U.S. to focus on economy with Mexico
WASHINGTON — President Obama is seeking to refocus economic relations between the United States and Mexico, even as fresh questions about security cooperation threaten to cast a shadow over the president's visit to the southern neighbor.
Obama will use his three-day trip, which begins on Thursday and includes a stop in Costa Rica, to highlight the immigration overhaul moving through Capitol Hill, both for an audience in Latin America and for those back home in the states.
The president is scheduled to arrive Thursday afternoon in Mexico City for meetings with President Enrique Pena Nieto and members of Mexico's business community.
Since taking office in December, Pena Nieto has moved to end the widespread access it gave U.S. security agencies helping fight drug trafficking and organized crime. The changes mark a dramatic shift from the policies of Pena Nieto's predecessor, Felipe Calderon, who was lauded by the United States for boosting cooperation between the two countries as he led an aggressive attack on Mexico's drug cartels.
The White House has tried to downplay a potential rift, with officials emphasizing Mexico has kept the United States informed about the changes. Obama on Tuesday said he would wait to hear directly from his Mexican counterpart before assessing the changes.
Despite the intense focus on security issues, Obama advisers say the president will try to show that the ties between the two countries are broader than the drug wars that defined the relationship in recent years.
“Security has been so front-and-center in the public discussion of the U.S.-Mexico relationship that lost in that is the enormous commercial relationship between the two countries,” said Ben Rhodes, Obama's deputy national security adviser.
Show commenting policy
TribLive commenting policy
You are solely responsible for your comments and by using TribLive.com you agree to our Terms of Service.
We moderate comments. Our goal is to provide substantive commentary for a general readership. By screening submissions, we provide a space where readers can share intelligent and informed commentary that enhances the quality of our news and information.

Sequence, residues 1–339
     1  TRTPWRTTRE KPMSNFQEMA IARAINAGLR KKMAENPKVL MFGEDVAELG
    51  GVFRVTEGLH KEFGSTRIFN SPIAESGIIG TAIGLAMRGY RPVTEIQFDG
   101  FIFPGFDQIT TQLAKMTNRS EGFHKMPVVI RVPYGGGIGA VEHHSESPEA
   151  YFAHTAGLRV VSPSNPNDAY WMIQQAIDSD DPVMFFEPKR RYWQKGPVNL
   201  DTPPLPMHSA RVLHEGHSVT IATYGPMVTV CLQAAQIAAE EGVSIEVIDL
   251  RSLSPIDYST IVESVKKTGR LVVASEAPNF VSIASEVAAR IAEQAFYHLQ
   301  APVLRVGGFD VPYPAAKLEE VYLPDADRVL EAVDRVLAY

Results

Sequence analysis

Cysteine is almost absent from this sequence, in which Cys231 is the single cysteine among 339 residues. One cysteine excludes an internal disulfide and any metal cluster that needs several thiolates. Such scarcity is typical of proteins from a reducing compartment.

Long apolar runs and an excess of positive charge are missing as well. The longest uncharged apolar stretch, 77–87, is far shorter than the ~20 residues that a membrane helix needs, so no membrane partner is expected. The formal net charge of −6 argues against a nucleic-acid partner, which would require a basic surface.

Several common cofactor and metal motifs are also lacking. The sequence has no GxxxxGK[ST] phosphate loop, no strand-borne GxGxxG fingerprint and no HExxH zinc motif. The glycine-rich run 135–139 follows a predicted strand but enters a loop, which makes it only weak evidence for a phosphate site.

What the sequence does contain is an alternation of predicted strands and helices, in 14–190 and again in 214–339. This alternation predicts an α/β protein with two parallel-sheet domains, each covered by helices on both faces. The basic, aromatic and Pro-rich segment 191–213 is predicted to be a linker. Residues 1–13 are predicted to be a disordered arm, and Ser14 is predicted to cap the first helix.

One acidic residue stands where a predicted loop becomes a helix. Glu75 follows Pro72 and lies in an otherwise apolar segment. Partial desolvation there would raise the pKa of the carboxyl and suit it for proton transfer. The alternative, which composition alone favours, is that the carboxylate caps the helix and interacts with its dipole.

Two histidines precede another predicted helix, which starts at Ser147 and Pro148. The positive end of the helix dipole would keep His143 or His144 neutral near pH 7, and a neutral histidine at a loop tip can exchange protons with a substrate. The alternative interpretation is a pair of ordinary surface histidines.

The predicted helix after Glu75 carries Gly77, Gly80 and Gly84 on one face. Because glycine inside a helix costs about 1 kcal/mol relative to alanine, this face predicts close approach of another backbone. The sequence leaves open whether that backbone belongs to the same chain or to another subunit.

While most comments will be posted if they are on-topic and not abusive, moderating decisions are subjective. We will make them as carefully and consistently as we can. Because of the volume of reader comments, we cannot review individual moderation decisions with readers.
We value thoughtful comments representing a range of views that make their point quickly and politely. We make an effort to protect discussions from repeated comments either by the same reader or different readers.
We follow the same standards for taste as the daily newspaper. A few things we won't tolerate: personal attacks, obscenity, vulgarity, profanity (including expletives and letters followed by dashes), commercial promotion, impersonations, incoherence, proselytizing and SHOUTING. Don't include URLs to Web sites.
We do not edit comments. They are either approved or deleted. We reserve the right to edit a comment that is quoted or excerpted in an article. In this case, we may fix spelling and punctuation.
We welcome strong opinions and criticism of our work, but we don't want comments to become bogged down with discussions of our policies and we will moderate accordingly.
We appreciate it when readers and people quoted in articles or blog posts point out errors of fact or emphasis and will investigate all assertions. But these suggestions should be sent via e-mail. To avoid distracting other readers, we won't publish comments that suggest a correction. Instead, corrections will be made in a blog post or in an article.
- GOP hopefuls take on illegal immigration in debate preview
- Suspect in Memphis police officer’s killing surrenders
- Pressure mounts for Biden to join 2016 White House race
- Texas Attorney General Paxton accused of lying to investors
- Planned Parenthood escapes punishment on pair of fronts
- 2 women advance to final phase of Army Ranger training
- GOP claims enough votes to reject Iran nuclear deal
- Feds accuse Philadelphia congressman Fattah of corruption
- Baltimore slayings climb to level unseen in decades
- CDC: 1 in 5 American adults live with a disability
- Phoenix man accused of beheading wife, dogs jailed on $2M bail